But we did it anyway for the publicity. I think we had 2 retweets on our entry. When we were chosen as winners this gave us a very tangible hard release date of March 9. We picked this date because it was three full weeks before the March 28th market launch.

    Having a solid date sitting in front of us every day was awesome. It was a constant driving force that made us ask the question "What is the #1 priority today so we can release in X days?". I can see how the absence of a release date could cause an indie project to drag on indefinitely.

    Iterative Design & Throwing Stuff Away

    Zach: We used an iterative design process similar to Media Molecule's game jam development style. From a high-level, we knew how we wanted the game to play but to reach that vision we had to play around in the sandbox for quite some time, tweak things, re-write things, throw things away, etc.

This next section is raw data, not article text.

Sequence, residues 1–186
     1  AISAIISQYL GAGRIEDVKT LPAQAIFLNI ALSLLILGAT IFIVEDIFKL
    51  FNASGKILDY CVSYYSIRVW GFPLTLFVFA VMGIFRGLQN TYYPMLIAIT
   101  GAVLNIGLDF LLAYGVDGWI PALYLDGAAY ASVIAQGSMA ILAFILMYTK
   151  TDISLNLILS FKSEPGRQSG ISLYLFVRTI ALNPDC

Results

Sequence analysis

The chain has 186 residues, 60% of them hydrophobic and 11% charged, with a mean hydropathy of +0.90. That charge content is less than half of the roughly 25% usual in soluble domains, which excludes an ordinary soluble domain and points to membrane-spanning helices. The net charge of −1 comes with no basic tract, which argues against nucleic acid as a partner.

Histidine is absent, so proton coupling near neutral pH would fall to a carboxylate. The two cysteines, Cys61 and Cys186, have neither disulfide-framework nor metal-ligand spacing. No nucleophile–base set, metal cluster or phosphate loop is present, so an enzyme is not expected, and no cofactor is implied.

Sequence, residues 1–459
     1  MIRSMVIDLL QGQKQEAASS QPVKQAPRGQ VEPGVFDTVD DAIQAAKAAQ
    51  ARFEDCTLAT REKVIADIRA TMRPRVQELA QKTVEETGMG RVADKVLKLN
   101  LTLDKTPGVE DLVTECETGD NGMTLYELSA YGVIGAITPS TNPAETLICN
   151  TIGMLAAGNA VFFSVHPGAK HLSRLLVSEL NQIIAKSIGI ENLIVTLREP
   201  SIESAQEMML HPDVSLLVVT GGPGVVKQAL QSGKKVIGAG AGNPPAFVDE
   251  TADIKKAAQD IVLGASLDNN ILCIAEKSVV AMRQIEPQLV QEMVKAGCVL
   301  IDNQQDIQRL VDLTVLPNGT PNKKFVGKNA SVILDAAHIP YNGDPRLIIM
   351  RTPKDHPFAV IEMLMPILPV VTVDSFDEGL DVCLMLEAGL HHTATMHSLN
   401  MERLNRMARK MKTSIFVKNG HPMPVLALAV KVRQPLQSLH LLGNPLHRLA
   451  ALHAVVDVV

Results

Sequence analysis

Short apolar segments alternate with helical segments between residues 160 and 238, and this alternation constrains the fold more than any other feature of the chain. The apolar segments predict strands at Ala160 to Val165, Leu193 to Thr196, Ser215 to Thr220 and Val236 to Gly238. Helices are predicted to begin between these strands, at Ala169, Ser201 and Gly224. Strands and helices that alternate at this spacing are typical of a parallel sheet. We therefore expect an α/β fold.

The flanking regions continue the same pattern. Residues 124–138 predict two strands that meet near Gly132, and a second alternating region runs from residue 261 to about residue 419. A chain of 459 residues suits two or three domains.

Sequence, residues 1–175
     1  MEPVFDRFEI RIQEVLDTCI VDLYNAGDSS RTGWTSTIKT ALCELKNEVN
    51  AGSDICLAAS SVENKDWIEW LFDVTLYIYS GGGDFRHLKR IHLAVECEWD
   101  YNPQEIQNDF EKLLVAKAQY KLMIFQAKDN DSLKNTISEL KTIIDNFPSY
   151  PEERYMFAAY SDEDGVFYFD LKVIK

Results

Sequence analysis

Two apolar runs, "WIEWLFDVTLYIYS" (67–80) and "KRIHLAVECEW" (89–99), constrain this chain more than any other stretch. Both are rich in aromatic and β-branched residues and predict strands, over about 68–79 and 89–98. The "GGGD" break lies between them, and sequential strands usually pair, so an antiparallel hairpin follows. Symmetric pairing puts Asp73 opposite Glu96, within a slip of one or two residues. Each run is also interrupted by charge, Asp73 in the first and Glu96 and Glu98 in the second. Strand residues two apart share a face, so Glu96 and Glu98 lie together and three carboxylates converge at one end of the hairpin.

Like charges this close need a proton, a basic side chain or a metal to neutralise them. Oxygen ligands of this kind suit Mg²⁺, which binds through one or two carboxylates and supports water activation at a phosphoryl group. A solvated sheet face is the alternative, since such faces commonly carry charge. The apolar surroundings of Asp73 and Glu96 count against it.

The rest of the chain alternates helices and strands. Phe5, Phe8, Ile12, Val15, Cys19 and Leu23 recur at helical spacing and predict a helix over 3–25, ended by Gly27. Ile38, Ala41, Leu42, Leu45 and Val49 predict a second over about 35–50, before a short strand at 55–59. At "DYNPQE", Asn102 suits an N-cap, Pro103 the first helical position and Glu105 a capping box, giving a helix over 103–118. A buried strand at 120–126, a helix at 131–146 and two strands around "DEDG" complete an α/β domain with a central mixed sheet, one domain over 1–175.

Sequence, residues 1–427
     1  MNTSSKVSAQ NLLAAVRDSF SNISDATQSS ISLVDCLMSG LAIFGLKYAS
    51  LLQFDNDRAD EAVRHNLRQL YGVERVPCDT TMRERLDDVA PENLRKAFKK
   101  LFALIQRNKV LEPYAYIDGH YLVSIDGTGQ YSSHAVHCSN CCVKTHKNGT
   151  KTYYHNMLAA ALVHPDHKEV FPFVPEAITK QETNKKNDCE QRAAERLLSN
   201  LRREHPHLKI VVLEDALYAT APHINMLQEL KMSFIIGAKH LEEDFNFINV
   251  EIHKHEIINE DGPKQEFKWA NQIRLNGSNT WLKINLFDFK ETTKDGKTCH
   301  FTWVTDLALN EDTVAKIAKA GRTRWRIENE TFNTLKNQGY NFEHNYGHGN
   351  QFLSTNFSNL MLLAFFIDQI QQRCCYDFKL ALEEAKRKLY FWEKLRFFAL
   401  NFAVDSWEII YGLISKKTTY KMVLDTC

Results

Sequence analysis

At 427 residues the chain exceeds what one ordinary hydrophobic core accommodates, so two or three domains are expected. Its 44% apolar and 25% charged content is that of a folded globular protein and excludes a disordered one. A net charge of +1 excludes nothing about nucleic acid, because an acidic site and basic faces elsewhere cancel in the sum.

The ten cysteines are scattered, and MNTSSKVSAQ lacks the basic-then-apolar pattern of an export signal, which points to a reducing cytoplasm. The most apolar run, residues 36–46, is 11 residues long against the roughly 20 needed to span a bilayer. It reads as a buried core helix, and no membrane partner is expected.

Sometimes you just don't know whether a mechanic is going to be fun or whether an art asset is going to work until you try it out. For instance I remember a few trench textures where they looked great as a still image but looked like a strobe light when in motion.

    One major feature we scrapped was the ship upgrade system. I wrote a ton of code to facilitate this and created a bunch of balanced item stats for various upgrade levels as well. In the end, we decided this was too ambitious so we scrapped the whole feature.

    Being able to look at the project objectively is important. I was attached to the code I wrote, but I knew that tossing it was going to make our core game stronger. Throwing away code can be very liberating and it brought a clearer sense of purpose to the features not yet written.